Maritime provinces pair for research grid

An ethernet network launched Monday will connect research institutions in New Brunswick and PEI to each other at gigabit speeds.

The NB/PEI Research Grid, officially opened by New Brunswick Premier Bernard Lord, is an $11.4-million collaborative effort between the provinces that will take advantage

of it, as well as other public sector interests and members of the NB/PEI Educational Computer Network. The money was spent not only on establishing the network but on hardware within some of the institutions to take advantage of it.

The grid will initially connect about 10 points across the provinces, including universities, colleges and National Research Council sites. Schools, hospitals and businesses that conduct research and qualify for its use may be added to the network at a later date.

The project was originally proposed more than two years ago and has been in a test phase since last summer. The PEI leg of the network has been operational for some time, but was only recently connected to New Brunswick.

“”It took a lot time to put together the business model for all of these players and convince all of these folks that a high-end research network of this magnitude was something that the Maritimes needed to invest in,”” said Paul Hatcher, senior vice-president of sales and marketing for Group Telecom, the company that helped set up the network.

Now that the research grid is up and running, institutions like the University of New Brunswick can look forward to connectivity improvements of several orders of magnitude. The previous network that connected UNB with other universities across the province was 30 megabits “”and that’s not nearly fast enough,”” said UNB’s chief information officer Greg Sprague, who is also on the board of the NB/PEI ECN and is the regional representative for CANARIE Inc., Canada’s not-for-profit Internet agency.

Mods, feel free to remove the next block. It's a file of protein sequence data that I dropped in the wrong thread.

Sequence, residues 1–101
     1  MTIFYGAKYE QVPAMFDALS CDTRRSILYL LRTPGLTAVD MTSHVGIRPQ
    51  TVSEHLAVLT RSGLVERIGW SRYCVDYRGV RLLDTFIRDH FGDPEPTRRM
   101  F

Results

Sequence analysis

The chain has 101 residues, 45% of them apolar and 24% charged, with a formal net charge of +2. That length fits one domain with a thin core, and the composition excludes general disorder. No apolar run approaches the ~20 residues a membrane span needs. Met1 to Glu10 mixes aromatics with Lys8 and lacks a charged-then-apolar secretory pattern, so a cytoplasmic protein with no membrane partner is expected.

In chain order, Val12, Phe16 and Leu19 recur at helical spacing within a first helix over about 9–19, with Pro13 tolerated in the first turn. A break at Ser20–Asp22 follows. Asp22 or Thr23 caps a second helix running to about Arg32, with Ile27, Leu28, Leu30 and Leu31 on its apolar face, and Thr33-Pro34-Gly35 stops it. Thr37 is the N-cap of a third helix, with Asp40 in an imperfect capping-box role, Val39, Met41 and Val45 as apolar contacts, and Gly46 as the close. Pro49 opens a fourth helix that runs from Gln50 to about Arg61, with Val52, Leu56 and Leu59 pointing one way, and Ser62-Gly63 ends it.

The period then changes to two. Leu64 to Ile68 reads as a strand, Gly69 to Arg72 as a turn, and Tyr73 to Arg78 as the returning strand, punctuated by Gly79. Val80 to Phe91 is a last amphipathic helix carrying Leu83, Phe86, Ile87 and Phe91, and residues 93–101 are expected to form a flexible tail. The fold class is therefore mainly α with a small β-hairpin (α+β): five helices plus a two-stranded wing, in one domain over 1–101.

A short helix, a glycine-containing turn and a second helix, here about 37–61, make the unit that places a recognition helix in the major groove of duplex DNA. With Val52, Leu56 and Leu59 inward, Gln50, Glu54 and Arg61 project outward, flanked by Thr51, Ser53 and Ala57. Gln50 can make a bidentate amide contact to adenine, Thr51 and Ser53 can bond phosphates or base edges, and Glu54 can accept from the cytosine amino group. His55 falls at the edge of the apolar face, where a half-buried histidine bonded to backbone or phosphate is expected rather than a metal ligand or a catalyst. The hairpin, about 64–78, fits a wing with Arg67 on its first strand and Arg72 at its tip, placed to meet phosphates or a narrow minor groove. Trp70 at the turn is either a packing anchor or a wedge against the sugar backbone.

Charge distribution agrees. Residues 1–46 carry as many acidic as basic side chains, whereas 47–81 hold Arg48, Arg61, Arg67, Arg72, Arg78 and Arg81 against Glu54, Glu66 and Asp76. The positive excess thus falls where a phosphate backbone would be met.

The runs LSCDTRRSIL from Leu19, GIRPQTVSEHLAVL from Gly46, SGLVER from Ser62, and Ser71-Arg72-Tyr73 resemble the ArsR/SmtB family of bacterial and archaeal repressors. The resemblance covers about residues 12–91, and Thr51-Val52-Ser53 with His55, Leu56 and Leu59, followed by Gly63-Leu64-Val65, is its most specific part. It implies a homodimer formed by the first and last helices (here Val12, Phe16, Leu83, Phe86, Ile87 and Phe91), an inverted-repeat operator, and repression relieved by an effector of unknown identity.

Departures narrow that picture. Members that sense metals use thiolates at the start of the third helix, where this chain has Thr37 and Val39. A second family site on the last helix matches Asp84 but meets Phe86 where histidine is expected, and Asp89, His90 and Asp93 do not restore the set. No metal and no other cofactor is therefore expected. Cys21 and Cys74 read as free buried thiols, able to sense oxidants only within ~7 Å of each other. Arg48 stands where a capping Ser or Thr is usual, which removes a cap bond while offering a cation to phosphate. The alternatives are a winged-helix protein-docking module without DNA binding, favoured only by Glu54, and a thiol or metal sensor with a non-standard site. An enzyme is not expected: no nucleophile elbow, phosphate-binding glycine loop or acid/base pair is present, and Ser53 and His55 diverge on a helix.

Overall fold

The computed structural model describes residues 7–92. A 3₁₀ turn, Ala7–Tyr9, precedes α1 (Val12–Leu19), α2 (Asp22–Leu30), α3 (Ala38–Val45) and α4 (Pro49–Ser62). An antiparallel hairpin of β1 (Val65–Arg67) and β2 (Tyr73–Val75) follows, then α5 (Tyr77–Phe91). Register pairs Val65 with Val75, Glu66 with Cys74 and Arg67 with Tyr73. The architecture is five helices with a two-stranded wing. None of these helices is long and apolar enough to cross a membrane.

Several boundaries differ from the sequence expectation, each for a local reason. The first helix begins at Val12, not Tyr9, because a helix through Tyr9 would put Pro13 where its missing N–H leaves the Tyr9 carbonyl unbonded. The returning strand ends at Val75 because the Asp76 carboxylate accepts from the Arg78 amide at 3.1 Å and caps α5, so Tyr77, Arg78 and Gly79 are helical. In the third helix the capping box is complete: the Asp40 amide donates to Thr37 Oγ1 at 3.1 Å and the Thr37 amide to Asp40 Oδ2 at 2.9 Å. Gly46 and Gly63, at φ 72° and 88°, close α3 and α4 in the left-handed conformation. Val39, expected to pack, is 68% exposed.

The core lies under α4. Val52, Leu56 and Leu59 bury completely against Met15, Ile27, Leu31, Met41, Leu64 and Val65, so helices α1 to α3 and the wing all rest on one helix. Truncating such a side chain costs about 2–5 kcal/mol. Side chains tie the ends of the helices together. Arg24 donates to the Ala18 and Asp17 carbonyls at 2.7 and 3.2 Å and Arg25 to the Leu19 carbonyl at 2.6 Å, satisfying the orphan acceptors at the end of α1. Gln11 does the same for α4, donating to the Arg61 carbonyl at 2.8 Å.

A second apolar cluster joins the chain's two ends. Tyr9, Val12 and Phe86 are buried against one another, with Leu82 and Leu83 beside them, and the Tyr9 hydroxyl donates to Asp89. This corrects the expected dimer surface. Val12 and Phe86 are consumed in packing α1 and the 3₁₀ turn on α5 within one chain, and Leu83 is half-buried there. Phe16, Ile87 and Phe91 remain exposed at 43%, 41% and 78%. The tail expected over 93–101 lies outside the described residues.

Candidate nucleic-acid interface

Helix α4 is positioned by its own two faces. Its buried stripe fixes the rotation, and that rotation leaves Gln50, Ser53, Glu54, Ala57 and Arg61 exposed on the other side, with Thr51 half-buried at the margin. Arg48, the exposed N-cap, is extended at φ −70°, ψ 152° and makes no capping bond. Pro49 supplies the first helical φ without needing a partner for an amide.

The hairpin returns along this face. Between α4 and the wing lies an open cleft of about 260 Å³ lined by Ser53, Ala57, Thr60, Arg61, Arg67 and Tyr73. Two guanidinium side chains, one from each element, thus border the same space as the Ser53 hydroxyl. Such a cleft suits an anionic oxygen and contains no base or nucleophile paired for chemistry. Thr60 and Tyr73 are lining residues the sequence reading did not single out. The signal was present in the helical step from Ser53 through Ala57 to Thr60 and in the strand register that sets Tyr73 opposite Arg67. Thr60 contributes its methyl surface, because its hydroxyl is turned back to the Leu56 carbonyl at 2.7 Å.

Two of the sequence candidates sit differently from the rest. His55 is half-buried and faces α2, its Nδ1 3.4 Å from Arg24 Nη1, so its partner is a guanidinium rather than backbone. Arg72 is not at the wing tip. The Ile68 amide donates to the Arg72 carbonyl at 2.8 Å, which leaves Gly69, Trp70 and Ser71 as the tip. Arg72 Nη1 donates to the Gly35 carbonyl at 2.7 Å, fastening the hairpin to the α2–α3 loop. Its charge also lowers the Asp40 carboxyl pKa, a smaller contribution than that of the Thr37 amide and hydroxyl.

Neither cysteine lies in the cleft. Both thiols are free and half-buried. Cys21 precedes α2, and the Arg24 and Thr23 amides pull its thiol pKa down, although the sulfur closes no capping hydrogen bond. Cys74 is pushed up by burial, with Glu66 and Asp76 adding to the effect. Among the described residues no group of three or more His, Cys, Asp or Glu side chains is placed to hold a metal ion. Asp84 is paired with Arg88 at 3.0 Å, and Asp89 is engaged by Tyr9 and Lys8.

The improved network is 40 times faster than its predecessor and can handle 52 million voice lines. It should help universities in the Maritimes attract new faculty, said Sprague. “”They want high speed networks so that they can work with their colleagues around the world.

“”Whether it’s a telescope in Hawaii or a genome database in Texas . . . you typically want to access to that kind of information, and you need high speed networks to download, to mine, to process, to do research on those kinds of large databases.””

The research grid runs six fibre rings and has dual paths for built-in redundancy. If one is disrupted for any reason, the second will shoulder the bandwidth load.

Now that increased bandwidth is available Sprague is expected the amount of traffic across the grid to skyrocket. The one gigabit ethernet network should suffice for several years to come, he said. Should those needs be exceeded, the grid can scale to up to 10 gigabits.

The NB/PEI ECN was formed in 1970 and initially ran a network across the provinces at 1200 baud. “”So we’re now a million times that,”” said Sprague. “”We’ve been promoting sharing between the universities, sharing of networks . . . sharing of skills and ideas, so this is just one more piece of this joint venture.””

The Internal networks within some of the institutions that are connected to the grid may also be upgraded to take advantage of the increase in bandwidth.

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